Standard manual muscle testing of hip abduction in sidelying. Because the gluteus medius also has an effect on other hip motions, researchers often recommend a full testing of hip flexion, abduction, ER (external rotation), IR (internal rotation), and extension as well.
- Double- to single-leg stance test. The patient is instructed to stand on one limb and pelvis orientation is documented. The authors also recommend adding an upper body movement to the single-leg stance test. This will further challenge the patient, specifically the athletic patient. During this, the patient is instructed to balance on one limb while reaching the arms overhead and leaning away from the stance leg. This will move the patient's center of gravity further away from the stance limb and require a greater amount of gluteus medius stabilization to avoid the dropped pelvis position.
- In addition to the above described, researcher would also recommend that patients should be observed during several functional activities, especially if a specific activity tends to exacerbate symptoms. This could include eccentric step-downs, front lunges, or even running and jumping activities for athletes. Watching the kinematics of the pelvis and lower body closely can be very beneficial.
Currently, no treatment modalities exist for patients with compensated Trendelenburg gait. What we can do is try to deal with the causes who develop Trendelenburg gait. Open reduction and Salter innominate osteotomy (SIO) without preoperative traction is effective in the management of development dysplasia of the hip in children younger than 6 years.
Pelvic support osteotomies cause a significant improvement in terms like posture, gait and walking tolerance to patients who have to deal with untreated congenital dislocations.
Osteopathic Manipulative Treatment (OMT) could result in improved gait parameters with people who have to deal with somatic dysfunctions, this can be measured due to a GaitMat II system. Further research is needed to tell more about the relationship between somatic dysfunctions and gait deviations.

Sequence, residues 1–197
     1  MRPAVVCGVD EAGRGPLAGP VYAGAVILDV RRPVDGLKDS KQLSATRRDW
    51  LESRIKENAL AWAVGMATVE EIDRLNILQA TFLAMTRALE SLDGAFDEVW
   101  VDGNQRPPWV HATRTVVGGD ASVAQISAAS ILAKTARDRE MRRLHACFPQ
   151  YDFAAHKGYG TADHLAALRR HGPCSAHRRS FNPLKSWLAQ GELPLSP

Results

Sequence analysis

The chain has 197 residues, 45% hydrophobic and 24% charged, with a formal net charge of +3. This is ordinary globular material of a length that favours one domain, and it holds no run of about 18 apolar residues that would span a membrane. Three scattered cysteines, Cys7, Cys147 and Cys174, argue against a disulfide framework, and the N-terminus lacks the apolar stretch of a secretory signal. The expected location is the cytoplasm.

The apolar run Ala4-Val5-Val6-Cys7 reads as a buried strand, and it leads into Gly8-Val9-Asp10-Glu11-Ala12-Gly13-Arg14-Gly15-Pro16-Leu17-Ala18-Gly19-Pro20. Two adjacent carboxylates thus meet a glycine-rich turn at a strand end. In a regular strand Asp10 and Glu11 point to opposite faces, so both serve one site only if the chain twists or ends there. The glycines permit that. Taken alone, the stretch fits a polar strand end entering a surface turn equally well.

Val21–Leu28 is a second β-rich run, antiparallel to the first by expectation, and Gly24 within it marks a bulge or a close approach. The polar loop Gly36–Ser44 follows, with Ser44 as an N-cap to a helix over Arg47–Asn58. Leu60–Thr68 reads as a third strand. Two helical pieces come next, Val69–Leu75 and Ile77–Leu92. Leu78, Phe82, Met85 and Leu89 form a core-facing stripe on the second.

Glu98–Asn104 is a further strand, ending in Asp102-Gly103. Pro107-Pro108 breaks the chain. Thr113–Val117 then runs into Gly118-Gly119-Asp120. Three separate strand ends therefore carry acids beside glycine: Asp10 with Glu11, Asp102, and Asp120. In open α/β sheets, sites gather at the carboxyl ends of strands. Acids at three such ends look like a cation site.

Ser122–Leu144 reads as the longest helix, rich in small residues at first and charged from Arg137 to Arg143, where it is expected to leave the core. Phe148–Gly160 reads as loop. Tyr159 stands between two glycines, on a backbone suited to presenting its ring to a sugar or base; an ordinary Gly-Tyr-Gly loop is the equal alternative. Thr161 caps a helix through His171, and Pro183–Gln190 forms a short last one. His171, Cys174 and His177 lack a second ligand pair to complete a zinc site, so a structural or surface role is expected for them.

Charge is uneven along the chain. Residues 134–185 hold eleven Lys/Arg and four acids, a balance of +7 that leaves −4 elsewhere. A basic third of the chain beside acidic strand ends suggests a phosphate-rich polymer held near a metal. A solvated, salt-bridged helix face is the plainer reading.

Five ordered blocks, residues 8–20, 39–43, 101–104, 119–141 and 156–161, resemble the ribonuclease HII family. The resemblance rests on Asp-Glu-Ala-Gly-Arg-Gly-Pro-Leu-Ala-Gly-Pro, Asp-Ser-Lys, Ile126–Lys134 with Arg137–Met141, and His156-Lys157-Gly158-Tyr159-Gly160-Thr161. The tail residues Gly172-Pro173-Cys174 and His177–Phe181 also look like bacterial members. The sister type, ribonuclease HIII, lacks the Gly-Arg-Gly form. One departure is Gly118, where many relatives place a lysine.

There is a significant difference in the incidence of a positive Trendelenburg gait between surgical approaches, using trochanteric osteotomy or not. This shows the effectiveness of distal trochanteric transfer.
Physical Therapy: Trendelenburg gait is an abnormal gait caused by weakness of the hip abductors. Therefore the mean purpose of your physical therapy is to strengthen the abductors of the hip. The exercise most appropriate for Trendelenburg gait is by laying the patient on the other side than the affected side, bring the leg towards the ceiling. To make the exercise heavier, we can use a weight around the leg we move upwards or a teraband. Other exercises in the revalidation of Trendelenburg gait are functional closed-chain exercises, lateral step-ups and functional balance exercises. It is also important to strengthen the rest of the leg on the affected side.
The use of an Electromyogram (EMG) reduces the Trendelenburg gait by an average of 29 degrees.
NOTE: The above information is for processing purpose. The information provided herein should not be used during any medical emergency or for the diagnosis or treatment of any medical condition.
DISCLAIMER: This information should not substitute for seeking responsible, professional medical care.